MedAssets seeks consolidation in supply of parts, refurbishing

October 13, 1999

Firm acquires imaging parts supplier ReMedParDuring this decade, more and more large equipment OEMs have begun to provide multivendor maintenance service. This trend, coupled with growing economic pressures on hospitals and other scanner end

Firm acquires imaging parts supplier ReMedPar

During this decade, more and more large equipment OEMs have begun to provide multivendor maintenance service. This trend, coupled with growing economic pressures on hospitals and other scanner end users, has sparked a proliferation of companies supplying equipment service providers. In this environment, conditions could be ripe for a consolidation of both parts and refurbished equipment supply firms.

“All (service) organizations—whether in-house, OEMs, or independents—are looking for broader access to all types of parts and broader capabilities from their suppliers,” said Chip Halverson, president and CEO of MedAssets Exchange in Wood Dale, IL.

MedAssets, created last June through a management buyout of the bulk of personnel, equipment, and other assets of Comdisco Medical Exchange (SCAN 8/18/99), is one company looking to ride the wave of consolidation. MedAssets last month acquired ReMedPar, a Goodlettsville, TN-based medical imaging parts supplier. MedAssets will retain the ReMedPar name and continue to use the Tennessee facility.

This is not likely to be the last purchase by MedAssets, according to Halverson. The firm’s financial backers are behind a strategy to grow both internally and through acquisition of related businesses.

MedAssets is currently one of the larger firms involved in medical imaging parts and refurbished equipment supply, industries that remain highly fragmented, he said. About 60 or 70 independent suppliers, none of which has more than a single-digit market share, compete in both the medical imaging parts and refurbished equipment sectors in the U.S.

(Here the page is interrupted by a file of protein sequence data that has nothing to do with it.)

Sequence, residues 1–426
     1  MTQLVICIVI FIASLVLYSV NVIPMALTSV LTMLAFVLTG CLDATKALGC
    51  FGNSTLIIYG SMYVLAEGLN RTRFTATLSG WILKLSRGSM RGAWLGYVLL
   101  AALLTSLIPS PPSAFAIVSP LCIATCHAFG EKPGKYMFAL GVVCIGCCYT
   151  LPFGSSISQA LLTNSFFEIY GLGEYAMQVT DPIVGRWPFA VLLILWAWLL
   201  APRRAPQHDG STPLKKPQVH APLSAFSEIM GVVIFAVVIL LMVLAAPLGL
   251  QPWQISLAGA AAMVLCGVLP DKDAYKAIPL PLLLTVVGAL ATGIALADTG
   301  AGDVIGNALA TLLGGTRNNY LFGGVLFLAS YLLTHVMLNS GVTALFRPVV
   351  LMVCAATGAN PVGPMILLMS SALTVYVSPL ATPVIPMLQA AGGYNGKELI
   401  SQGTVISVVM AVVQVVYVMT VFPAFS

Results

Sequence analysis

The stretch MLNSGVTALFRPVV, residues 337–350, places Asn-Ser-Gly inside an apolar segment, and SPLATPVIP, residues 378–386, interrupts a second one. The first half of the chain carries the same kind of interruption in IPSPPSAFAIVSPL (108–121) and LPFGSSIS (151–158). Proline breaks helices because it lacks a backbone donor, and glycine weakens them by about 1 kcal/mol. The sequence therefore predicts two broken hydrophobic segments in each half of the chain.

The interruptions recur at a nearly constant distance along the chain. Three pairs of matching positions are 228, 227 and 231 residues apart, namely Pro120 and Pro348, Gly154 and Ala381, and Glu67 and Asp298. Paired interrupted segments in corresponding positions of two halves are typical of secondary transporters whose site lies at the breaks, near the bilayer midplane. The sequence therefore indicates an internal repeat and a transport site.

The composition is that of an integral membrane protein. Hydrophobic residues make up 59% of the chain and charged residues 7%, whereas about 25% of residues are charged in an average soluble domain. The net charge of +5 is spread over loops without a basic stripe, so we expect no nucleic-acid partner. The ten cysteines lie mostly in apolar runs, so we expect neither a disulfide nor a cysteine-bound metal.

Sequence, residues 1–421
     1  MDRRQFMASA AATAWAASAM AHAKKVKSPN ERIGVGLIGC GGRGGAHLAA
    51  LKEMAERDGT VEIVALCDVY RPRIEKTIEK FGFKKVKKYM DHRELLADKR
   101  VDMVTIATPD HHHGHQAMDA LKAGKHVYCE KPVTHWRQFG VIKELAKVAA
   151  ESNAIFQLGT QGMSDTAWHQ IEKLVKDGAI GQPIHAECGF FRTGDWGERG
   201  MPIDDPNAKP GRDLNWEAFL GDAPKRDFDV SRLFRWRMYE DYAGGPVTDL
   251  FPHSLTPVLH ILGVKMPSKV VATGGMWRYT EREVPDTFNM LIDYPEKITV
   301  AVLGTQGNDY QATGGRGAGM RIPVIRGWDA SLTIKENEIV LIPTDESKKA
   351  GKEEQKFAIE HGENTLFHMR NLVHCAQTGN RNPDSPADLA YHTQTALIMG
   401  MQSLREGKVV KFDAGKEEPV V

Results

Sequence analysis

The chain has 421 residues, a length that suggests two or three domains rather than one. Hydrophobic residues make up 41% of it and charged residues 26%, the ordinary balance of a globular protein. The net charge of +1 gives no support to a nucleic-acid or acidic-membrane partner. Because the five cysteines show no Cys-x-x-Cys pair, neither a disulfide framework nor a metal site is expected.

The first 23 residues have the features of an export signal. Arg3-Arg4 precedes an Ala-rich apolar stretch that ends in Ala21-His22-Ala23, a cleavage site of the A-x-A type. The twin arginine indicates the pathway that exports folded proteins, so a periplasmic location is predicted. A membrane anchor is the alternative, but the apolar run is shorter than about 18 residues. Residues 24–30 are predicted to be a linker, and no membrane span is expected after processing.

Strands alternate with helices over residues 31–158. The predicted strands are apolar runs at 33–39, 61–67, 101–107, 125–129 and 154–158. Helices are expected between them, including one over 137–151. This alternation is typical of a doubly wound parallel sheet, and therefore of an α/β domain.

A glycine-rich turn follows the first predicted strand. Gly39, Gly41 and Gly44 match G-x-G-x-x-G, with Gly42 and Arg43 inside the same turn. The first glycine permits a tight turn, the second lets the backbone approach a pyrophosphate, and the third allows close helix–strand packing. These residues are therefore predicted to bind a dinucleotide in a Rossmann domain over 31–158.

“There is room for consolidation and for a major organization to emerge that has depth and breadth of services, financial strength, and marketing reach,” Halverson said.

Equipment maintenance organizations now are forced to go through the ordeal of searching a multitude of suppliers in order to obtain the right parts and related supplies to service the full spectrum of imaging modalities and systems from all imaging vendors, he said.

“We are pulling together products and services to extend the life of the (imaging equipment) installed base and to facilitate multivendor service,” Halverson said. “If we bring together these different capabilities and have a broad enough product offering, people will look to us not only for the breadth of product offering but for price and quality.”

MedAssets will not supply actual maintenance services, since its own customers are the independent service organizations (ISOs), OEM multivendor service groups, and in-house hospital service organizations. However, the company has built up significant technical expertise in both the systems and parts businesses, which can be used to support maintenance efforts and provide equipment installation and other related services.

One of the products picked up in the ReMedPar acquisition is a remote equipment diagnostics software package, which MedAssets can now supply to its service and hospital customers. MedAssets also has a fleet of mobile MRI, CT, angiography, and cardiac catheterization units purchased in the Comdisco buyout. The company leases this equipment either for temporary use as hospitals change equipment or for long-term—up to five years—supply of imaging services.

While steady downward price pressures in the supply of medical imaging equipment was a main reason Comdisco decided to divest most of its refurbished parts business (SCAN 4/14/99), MedAssets remains bullish about future prospects, Halverson said. A main reason for confidence is that hospital customers, under price pressures themselves, are looking for cost-effective ways to extend the lives of existing imaging systems.

“If we can provide the means for them to extend the life of their equipment through field upgrades and more ready access to parts and other technical capabilities, we think they will be buyers,” he said.